Why can't the bus leave sooner?

Palenque Travel Blog

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I just finished polishing the lenses of my $15 Wal-Mart aviators, 'cause I'm a pimp like that, which technically means I'm pulsing with as little or much pimpishness as is required that I'm preparing to leave Mexico reminded that titties exist outside of Skinemax only by change-begging mothers nursing from the gutter.

The Mayan ruins at Palenque are absolutely marvelous, enormous monuments set in the sweltering jungle, like something out of an Alien vs. Predator movie -- a series which, no matter how much it sucks, can't possibly compete with the utter sucktitude of Palenque the city, with which the ruins have the misfortune of sharing a name. The city is a grimy little strip with all the amenities but none of the character or charm of the cities we've visited thus far.

I want to burn our shabby hostel, Posada San Vincente, to the ground. Sure, it's only US$7 each per night for our own beds and private bath, but...
  1. The hot water that's advertised doesn't flow to our quarters.
  2. The cooler full of free purified water "pours" at a lollygagging trickle, constantly changing the part of the spicket it dribbles from, so filling my empty 2-liter bottle playing catch-the-droplets takes ten minutes, all the while I must keep the slowly filling bottle held aloft.
  3. There's no toilet seat, so we have to spread cheek or scoot to the front of the bowl to avoid falling in.
  4. The welt on my head that currently extends my height two inches, courtesy a "traditional" Mexican doorway, has trained me to duck anytime I enter a room. This evening, however, shivering after a shower only a penguin could love, I almost punched out the ceiling bulb while drying my hair. Anti-American sentiment apparently spreads into architecture.
(I'd rather chase sleep on a bumpy bus ride than stay here another night. As it is, that's what we're doing tomorrow night, escaping this pitiful blemish on a night bus to Chetumal, from where we'll quickly tour Belize before jumping into Guatemala for language school and diarrhea.)

But the Palenque ruins. Unforgettable, many incredibly well preserved, with steep steps leading to buildings rife with chambers, passageways, and towers, many portions of which are still open to public exploration, a rarity in the protective modern world of ancient wonders. All sorts of mystery surround the Palenque ruins, like those at Monte Alban. Mostly, why did such supposedly tiny people insist on building such gargantuan stone steps, and so many leading up to every edifice? If each step is knee-high on Jackson and me, long-legged Americans both, how did miniature Mayans ascend to their spectacular creations? One can only assume each climb was a strenuous endeavour requiring arms, legs, and stamina. People who spent a day accidentally climbing to the wrong building, at the top overwhelmed by the frustration of an advanced civilization that couldn't conquer intelligent stair construction, would simply volunteer for ritual sacrifice.

By the way, a new term for those occasions you encounter a pair of girls, half beauty, half beast: "Nickel and dimed."
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Just navigating the aisle to the bus back bathroom, much less landing a stream of urine in the toilet with one wobbly hand while the other grips a safety rail for the stability to prevent ones skull from playing pinball with the claustrophobic walls, is a treacherous undertaking on a first class bus winding down the speedbump-littered mountain pass from San Cristóbal de las Casas to Palenque.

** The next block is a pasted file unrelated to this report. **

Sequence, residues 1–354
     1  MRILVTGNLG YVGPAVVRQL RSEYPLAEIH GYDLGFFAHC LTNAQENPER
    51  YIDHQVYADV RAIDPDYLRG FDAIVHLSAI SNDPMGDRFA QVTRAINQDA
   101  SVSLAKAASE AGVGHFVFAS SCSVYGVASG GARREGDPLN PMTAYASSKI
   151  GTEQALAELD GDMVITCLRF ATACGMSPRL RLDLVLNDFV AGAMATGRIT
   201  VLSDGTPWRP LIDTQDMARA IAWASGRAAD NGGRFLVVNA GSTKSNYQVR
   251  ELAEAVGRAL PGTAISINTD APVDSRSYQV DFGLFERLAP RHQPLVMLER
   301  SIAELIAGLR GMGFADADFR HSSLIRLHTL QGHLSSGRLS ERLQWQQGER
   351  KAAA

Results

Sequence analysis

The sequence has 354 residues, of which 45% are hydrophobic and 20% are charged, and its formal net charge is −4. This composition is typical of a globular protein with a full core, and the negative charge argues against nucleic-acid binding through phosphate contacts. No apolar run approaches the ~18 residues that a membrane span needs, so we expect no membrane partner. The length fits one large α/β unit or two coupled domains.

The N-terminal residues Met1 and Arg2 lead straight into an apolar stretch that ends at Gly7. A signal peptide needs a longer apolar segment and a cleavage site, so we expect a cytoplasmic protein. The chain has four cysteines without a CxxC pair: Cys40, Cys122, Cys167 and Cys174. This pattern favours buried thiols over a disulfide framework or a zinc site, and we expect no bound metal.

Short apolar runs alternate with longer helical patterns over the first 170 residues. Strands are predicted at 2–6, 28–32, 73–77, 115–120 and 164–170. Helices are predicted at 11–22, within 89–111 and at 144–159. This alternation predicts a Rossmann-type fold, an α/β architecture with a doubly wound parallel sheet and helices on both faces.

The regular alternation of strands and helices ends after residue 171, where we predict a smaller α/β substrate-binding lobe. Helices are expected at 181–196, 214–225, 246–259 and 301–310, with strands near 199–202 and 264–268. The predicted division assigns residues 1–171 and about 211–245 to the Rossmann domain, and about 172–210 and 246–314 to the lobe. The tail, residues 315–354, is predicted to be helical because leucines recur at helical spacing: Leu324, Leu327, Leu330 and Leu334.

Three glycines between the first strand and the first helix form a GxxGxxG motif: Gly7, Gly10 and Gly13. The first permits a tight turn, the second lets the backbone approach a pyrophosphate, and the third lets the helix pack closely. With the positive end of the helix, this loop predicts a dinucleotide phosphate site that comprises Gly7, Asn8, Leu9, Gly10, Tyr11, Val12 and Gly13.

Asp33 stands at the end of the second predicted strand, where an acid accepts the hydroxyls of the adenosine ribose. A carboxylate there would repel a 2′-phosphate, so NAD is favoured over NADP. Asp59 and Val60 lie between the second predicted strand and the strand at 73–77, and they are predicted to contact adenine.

We're leaving the crisp altitudinal clime for buggy jungle, trading sweatshirts for layers of sunscreen and insect repellent. If plans progress accordingly, we'll visit Palenque's ruins this afternoon and be on our way to Guatemala tomorrow, though I vow to return to Mexico before home, once I have a conversational command of Spanish, for a more thoroughly authentic experience. And to fulfull Michigan-made summer promises to spot an elusive Chupacabra; what I do upon discovery is a mystery for the moment.

Chiapas is a gorgeous, mountainous state, with outcroppings of money averting the casual observer's attention from the pervasive poverty. Shacks and shanties seem the norm, leaky-roofed showers perhaps as likely as any other for their inhabitants. Mornings are delicate and serene, sleepy towns waking up as wisps of smoke curl skyward, the odd worker trudging uphill, wares in tow, to some roadside stand, woodwalled and tinroofed, hoping for a day's take of peses that wouldn't cover my Chick-Fil-A dinner back home.

But a pile of pan dulce those pesos will afford, and probably do, judging by the carbohydrate paunch that is such a popular accessory amongst Mexicans. But I empathize, unable to honor my daily swearing off of pastries, failing every time I pass another panaderia. Running better make its way back into my daily routine before I fulfill the jealous wishes of every fatty who's ever witnessed this lean-boy's buffet dominance. For now, at least, metabolism suffices.

Maybe I'll get a chance to workout on the court, basketball so far appearing more the national sport than futbol, soccer jersey-clad, one-hand dominant Spud Webb wannabes clogging lanes not penalty boxes, vying for rebounds. The universal language of sport sounds ideal, my pathetic Spanish alarmingly unimproved after eleven days of immersion; reconciling my instant-gratification-or-give-up nature with the long-term burden of learning a language is a struggle. If I'm immune to the purported wonder-working of Guatemalan language schools, the six-month minimum I've imposed upon this trip could shrivel faster than a forlorn alcoholic's skin in the Central American sun.
photo by: monky